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Soviet marshal’s daughter blasts The Death of Stalin as ‘abominable’ mockery of history

Maria Zhukova called this film "a provocation beyond any doubt"

MOSCOW, January 26. /TASS/. It makes a lot of sense to ban the release of the movie ‘The Death of Stalin’ in Russia, states Maria Zhukova, a daughter of the legendary World War II commander, Marshal Georgy Zhukov.

The press service of the Russian Military-Historical Society quoted her as saying she did not have any doubts that the Culture Ministry’s decision to revoke the film’s distribution credentials was the only possible correct move in this case.

"This is an abominable film and an outrage against our history and our heroes, including my father," Zhukova emphasized. "The way all our people are shown there is simply insulting – first and foremost, for the family members of those whom the film depicts and for the veterans of World War II."

"I think that’s a provocation beyond any doubt, all the more so that the release of the film was timed for the 75th anniversary of completion of the Battle of Stalingrad," she said. "I’m appalled."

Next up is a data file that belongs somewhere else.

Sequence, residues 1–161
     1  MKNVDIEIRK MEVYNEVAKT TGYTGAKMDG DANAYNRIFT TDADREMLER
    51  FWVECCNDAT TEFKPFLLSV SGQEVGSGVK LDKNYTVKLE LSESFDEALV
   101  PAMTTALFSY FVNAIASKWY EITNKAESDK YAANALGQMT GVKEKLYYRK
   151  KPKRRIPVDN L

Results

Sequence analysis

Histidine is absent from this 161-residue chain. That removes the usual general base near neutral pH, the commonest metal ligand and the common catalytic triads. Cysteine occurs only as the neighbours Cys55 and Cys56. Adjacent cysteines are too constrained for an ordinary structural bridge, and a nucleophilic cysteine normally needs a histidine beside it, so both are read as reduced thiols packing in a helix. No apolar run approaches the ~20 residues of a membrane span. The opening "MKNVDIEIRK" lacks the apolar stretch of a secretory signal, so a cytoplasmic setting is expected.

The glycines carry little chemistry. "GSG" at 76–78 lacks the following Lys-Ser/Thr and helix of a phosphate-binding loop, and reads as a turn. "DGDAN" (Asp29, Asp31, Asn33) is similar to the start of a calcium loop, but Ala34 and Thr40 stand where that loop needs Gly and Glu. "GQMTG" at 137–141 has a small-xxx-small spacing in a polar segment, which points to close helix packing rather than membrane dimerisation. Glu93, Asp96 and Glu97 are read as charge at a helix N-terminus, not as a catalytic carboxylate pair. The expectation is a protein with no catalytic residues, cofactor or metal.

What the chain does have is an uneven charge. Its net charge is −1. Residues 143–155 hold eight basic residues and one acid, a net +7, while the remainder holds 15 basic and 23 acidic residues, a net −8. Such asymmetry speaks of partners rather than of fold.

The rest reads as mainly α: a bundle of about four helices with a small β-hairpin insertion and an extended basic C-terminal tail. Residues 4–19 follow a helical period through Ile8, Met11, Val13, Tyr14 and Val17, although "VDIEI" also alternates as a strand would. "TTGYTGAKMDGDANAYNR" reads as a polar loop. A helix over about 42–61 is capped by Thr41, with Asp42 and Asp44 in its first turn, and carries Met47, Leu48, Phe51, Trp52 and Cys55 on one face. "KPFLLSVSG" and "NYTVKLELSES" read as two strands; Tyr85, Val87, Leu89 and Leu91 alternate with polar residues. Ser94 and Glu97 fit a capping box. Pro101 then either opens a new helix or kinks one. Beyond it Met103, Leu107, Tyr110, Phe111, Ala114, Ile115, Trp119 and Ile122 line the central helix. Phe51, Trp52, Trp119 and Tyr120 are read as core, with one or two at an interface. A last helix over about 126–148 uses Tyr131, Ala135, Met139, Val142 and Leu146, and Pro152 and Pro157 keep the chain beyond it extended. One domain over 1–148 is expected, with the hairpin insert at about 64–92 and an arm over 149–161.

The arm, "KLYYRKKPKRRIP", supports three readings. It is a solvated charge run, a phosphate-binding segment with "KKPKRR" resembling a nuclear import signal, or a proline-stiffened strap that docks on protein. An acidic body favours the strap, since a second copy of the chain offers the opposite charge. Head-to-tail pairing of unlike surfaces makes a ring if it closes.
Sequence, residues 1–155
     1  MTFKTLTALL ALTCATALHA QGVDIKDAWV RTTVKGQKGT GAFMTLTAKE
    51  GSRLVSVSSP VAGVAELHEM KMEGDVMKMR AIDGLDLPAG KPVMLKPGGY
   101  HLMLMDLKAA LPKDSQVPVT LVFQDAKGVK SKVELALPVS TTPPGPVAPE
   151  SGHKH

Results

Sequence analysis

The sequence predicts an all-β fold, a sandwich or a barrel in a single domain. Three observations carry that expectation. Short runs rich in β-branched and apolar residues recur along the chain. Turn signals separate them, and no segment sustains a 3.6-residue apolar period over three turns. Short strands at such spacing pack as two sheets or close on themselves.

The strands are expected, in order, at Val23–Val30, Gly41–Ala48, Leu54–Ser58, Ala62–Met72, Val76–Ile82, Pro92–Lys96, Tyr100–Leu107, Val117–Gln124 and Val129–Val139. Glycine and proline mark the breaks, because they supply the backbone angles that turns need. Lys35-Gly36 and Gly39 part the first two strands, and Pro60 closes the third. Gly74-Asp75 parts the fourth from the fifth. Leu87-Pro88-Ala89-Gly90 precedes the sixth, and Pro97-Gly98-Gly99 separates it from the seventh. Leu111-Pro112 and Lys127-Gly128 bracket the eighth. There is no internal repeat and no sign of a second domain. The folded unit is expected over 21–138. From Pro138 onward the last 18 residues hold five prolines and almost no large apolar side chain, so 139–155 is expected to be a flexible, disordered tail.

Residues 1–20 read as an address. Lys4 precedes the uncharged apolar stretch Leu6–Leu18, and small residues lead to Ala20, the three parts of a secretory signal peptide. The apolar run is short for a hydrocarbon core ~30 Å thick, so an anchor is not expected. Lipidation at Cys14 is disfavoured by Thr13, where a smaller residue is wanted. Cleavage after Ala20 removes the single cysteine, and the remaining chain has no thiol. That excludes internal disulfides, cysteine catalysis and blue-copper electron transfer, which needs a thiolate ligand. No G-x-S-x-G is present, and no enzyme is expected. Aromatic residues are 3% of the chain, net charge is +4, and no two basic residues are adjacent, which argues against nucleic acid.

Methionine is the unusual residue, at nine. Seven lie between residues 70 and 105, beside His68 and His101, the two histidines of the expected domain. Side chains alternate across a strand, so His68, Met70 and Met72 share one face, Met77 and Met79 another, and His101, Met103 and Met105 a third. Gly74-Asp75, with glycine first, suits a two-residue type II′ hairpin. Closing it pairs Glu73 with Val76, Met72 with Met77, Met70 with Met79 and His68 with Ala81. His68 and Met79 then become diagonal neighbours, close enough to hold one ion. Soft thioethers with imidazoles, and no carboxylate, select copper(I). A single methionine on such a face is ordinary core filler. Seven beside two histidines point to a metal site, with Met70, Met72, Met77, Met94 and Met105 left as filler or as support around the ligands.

One of the reasons why this film should not be released in Russia is that "[…] we have quite a number of young people who are unable to make out all the twists and turns of our history on their own."

"They judge it incorrectly because the brainwashing that has been going on for the past 25 years has been intense and that’s why I think it’s rather dangerous to release films of the sort if you look at it in terms of the younger generation’s education," Zhukova noted. "We must educate our young using the examples of patriotism and films based on real events."

She was particularly incensed at the way the film depicts her father. The personage does not look a bit like the real Marshal Zhukov, not in the least because "[…] he uses obscene expressions or just plain profanity [Russian four-letter words - TASS]."
‘The Death of Stalin’ is a satirical film that dwells on a power struggle that arose in the Soviet Union immediately after Joseph Stalin’s death in March 1953. Prior to its scheduled first screening in Moscow, Russian film industry figures, State Duma MPs, members of the Russian Military-Historical Society, and members of the Culture Ministry’s Public Board attended a presentation, after which they asked the ministry to revoke the license provisionally.